R pert = G a 2 n = 2 a 1 a 2 n μ n r 1 a 1 n r 2 a 2 n + 1 P n ( cos ψ ) ,
where r 1 ( r 2 ) is the position radius of the inner (outer) orbit, P n are the Legendre polynomials, and ψ is the 3D angle between the position vectors of the inner and outer orbits.
The nominal procedure in such a system is to perform a canonical transformation to a set of coordinates that eliminates the short-period angles of the inner and outer orbits. This transformation is known as the von Zeipel transformation; see for details Appendix B in [332].
The resulting (often called double-averaged) Hamiltonian is, thus, a multiple expansion of a 1 / a 2 . The lowest order of approximation (proportional to ( a 1 / a 2 ) 2 ) is called the quadrupole level and corresponds to n = 2 in Equation (32).
In early studies of high-inclination, hierarchical, secular perturbations [14,15], the outer orbit (in this case, about the SMBH) was assumed to be circular, with one of the inner binary members being a test (massless) particle. In this scenario, the component of the inner orbit’s angular momentum along the z-axis (set to be the total angular momentum) is conserved—known as Kozai’s integral of motion—and the lowest order of the approximation, the quadrupole approximation, is valid.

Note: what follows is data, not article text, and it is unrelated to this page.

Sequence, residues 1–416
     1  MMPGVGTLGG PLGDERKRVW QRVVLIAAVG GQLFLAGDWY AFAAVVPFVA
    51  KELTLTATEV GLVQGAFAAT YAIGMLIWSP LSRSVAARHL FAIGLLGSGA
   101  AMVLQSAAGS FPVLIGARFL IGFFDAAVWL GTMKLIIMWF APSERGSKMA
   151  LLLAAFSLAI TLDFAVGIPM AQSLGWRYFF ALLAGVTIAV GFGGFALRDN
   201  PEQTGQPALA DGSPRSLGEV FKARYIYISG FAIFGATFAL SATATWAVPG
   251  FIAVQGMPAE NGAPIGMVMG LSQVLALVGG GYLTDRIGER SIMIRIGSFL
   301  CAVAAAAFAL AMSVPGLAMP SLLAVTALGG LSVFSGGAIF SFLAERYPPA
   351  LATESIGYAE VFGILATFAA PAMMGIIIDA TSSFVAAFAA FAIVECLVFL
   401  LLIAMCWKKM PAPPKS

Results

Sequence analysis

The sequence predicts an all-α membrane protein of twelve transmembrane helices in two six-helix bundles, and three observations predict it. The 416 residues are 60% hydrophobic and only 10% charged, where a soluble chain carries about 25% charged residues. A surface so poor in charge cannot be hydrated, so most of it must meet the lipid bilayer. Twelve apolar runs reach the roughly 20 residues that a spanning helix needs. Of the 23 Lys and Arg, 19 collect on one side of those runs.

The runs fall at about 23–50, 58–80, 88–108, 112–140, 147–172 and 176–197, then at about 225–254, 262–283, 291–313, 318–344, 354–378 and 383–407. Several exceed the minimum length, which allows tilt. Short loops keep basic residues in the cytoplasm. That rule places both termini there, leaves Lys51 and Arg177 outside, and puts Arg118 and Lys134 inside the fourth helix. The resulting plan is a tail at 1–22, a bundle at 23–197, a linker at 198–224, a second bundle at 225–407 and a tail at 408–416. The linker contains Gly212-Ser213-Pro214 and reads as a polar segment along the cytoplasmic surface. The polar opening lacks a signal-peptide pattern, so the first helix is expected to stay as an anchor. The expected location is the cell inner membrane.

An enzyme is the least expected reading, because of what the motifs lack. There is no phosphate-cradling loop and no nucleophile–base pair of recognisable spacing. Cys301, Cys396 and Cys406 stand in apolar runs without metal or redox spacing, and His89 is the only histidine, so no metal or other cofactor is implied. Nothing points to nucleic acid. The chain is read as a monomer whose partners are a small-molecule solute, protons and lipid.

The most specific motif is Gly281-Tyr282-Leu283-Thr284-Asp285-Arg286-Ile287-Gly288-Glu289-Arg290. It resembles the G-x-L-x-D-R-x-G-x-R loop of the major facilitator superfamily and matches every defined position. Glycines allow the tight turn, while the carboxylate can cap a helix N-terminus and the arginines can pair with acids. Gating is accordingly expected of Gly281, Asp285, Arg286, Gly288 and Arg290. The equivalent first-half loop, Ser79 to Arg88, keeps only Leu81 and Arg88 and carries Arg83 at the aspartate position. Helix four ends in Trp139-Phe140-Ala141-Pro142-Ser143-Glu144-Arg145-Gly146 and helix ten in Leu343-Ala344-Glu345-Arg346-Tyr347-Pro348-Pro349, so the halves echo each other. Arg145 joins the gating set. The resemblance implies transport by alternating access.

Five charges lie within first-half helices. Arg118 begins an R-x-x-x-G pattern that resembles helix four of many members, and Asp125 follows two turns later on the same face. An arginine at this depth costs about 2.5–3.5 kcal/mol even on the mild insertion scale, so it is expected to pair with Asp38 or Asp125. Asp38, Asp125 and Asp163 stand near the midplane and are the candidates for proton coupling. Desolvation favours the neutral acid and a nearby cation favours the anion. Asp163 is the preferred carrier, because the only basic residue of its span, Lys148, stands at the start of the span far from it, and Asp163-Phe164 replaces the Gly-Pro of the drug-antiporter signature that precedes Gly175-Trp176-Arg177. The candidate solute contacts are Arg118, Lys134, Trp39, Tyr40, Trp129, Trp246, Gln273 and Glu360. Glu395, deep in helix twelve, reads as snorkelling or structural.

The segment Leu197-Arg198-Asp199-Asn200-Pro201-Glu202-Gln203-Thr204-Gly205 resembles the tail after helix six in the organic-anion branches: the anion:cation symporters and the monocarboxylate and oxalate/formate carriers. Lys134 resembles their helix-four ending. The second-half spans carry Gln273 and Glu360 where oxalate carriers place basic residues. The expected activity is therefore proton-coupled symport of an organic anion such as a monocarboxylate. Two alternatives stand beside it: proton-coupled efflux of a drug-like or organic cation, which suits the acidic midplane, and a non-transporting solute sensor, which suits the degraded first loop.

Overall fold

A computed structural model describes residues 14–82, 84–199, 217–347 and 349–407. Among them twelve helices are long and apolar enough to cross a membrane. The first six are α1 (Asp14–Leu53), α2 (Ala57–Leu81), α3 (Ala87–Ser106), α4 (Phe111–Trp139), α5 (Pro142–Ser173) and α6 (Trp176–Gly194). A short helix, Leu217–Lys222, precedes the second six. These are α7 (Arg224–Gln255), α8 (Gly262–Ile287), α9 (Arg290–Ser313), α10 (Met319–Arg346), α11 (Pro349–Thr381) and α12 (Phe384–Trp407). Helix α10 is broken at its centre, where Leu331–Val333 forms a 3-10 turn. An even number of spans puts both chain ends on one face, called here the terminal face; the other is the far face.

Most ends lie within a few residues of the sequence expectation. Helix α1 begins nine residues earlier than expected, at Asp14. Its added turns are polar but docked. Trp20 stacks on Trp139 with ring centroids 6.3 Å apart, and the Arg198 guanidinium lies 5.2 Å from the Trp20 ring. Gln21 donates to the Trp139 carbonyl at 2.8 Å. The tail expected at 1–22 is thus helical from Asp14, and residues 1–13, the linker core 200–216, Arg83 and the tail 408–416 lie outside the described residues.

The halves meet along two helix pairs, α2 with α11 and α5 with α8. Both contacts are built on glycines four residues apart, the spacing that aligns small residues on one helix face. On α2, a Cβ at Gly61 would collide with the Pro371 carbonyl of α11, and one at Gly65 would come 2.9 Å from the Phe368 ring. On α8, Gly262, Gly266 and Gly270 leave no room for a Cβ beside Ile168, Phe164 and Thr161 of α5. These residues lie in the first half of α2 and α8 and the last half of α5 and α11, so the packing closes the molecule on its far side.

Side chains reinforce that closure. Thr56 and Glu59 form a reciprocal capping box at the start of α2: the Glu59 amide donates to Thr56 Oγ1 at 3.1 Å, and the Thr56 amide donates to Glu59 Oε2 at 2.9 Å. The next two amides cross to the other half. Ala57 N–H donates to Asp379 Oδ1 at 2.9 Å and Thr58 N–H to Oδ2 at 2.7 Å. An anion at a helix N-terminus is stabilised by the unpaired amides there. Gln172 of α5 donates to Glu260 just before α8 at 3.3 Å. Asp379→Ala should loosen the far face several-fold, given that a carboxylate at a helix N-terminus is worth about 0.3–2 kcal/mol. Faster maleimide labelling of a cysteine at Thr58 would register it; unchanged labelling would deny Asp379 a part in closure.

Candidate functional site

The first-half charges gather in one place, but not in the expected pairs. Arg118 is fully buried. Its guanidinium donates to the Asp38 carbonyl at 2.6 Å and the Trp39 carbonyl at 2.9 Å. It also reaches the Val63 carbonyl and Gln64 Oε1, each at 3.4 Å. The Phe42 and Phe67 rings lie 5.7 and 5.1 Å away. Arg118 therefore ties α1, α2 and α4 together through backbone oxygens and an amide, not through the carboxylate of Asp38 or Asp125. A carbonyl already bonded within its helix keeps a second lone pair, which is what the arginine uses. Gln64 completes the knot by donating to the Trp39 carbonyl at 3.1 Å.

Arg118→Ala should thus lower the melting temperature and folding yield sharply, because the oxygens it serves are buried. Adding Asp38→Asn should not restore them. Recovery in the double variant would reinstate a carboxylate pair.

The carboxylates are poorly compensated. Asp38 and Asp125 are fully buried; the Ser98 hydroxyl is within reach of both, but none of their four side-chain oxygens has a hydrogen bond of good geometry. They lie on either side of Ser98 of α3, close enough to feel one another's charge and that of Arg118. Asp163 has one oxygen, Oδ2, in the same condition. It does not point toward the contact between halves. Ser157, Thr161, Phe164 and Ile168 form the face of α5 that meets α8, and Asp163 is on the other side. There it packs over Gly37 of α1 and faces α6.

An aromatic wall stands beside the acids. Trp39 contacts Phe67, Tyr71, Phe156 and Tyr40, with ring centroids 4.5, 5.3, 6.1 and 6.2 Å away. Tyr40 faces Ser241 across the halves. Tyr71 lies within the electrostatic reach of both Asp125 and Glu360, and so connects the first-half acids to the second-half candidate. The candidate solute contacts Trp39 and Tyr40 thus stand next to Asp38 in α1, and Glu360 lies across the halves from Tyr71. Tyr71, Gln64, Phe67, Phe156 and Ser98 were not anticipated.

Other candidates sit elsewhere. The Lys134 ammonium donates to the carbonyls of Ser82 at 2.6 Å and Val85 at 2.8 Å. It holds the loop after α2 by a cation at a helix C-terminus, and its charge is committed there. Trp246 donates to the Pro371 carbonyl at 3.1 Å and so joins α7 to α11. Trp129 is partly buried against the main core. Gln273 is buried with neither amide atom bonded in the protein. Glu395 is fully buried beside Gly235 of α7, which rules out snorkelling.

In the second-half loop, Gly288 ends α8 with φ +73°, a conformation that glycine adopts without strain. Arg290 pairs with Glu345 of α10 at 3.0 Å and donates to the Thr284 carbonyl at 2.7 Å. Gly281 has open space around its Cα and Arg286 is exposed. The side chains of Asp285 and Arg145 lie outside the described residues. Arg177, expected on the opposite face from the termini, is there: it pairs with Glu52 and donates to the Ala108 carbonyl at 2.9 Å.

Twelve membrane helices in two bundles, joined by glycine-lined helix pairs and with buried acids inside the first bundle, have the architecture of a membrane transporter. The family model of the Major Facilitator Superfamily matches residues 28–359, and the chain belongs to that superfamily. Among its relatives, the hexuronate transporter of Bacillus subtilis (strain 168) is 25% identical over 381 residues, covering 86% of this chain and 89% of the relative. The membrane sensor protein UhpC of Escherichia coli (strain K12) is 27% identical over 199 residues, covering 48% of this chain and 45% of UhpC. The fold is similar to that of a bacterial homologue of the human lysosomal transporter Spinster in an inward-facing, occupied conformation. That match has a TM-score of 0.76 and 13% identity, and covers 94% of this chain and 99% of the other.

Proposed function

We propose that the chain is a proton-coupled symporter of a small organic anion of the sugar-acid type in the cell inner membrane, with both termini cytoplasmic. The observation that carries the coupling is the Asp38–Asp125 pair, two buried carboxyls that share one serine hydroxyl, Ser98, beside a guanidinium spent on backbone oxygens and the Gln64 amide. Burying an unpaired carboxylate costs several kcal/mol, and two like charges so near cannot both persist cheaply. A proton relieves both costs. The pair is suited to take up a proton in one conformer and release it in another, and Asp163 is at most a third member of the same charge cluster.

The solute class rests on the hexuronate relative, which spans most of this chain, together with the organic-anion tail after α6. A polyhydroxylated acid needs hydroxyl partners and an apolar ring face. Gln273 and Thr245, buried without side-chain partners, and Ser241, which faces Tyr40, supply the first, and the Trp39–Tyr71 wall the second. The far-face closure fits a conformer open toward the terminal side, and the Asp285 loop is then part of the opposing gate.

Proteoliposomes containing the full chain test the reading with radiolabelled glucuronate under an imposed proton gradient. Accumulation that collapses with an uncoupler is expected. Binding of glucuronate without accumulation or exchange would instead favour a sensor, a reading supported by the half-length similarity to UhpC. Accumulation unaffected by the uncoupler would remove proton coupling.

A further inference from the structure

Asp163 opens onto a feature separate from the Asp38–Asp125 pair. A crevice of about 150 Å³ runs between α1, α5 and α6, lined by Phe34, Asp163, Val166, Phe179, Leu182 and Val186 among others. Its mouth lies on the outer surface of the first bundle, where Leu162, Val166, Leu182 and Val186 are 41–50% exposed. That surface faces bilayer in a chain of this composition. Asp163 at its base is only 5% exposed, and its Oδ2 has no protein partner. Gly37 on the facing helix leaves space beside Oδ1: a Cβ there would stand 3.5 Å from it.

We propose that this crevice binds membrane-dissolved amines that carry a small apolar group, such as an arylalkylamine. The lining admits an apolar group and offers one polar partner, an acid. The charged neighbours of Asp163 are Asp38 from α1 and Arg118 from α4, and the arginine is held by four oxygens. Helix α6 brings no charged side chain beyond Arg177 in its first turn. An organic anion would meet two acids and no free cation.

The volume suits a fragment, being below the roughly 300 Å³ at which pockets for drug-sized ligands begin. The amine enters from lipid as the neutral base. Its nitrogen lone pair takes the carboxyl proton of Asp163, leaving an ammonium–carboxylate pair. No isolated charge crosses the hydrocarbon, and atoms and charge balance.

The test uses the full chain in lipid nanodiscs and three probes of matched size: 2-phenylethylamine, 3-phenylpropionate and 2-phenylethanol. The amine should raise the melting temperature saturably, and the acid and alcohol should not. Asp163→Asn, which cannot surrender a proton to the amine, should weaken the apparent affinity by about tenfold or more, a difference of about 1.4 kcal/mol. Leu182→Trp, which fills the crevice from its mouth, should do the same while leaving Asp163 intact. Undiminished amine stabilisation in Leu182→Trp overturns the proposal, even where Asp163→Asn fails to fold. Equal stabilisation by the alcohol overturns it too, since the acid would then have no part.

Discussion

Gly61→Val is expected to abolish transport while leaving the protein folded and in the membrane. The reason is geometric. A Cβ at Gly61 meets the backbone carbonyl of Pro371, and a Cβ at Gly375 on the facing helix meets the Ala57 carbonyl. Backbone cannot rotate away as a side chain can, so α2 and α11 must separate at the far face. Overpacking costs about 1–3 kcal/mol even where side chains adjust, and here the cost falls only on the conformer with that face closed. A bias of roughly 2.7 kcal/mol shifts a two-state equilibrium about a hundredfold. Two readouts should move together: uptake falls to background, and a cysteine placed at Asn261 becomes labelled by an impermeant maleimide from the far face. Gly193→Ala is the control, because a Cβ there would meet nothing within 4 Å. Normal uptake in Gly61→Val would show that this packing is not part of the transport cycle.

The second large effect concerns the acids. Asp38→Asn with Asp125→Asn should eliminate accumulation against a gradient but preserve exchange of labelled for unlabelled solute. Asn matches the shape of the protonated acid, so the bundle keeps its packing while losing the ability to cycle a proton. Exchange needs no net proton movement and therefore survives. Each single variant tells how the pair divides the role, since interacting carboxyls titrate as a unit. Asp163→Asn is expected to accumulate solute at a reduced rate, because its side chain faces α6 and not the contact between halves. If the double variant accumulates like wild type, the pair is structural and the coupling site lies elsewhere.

In this regime, the conservation of the vertical angular momentum and energy implies that the eccentricity and mutual inclination vary along the orbit. An illustrative case is represented by an initially circular binary inclined by an angle i 0 with respect to the binary–SMBH orbital plane, in which case the maximum eccentricity is given by (e.g., [19,188,333])
e max = 1 5 3 cos 2 i 0 .
The eccentricity excitation is triggered above a minimum value of the initial inclination, given by cos i min = ± 3 / 5 , thus implying that only orbits having 39 . 2 < i min < 140 . 77 can undergo eccentricity variations. The timescale for KL oscillations to develop is (e.g., [334])
t KL = 16 30 π m 1 + m 2 + m 3 m 3 P 2 2 P 1 ( 1 e 2 2 ) 3 / 2 , = 40 Myr m 1 + m 2 30 M m 3 10 6 M 1 + 1 a 2 0.1 pc 3 a 1 0.1 AU 3 / 2 1 e 2 2 3 / 2 ,
with P i = a i 3 / ( G m bin , i ) the inner ( i = 1 ) or outer ( i = 2 ) binary orbital period.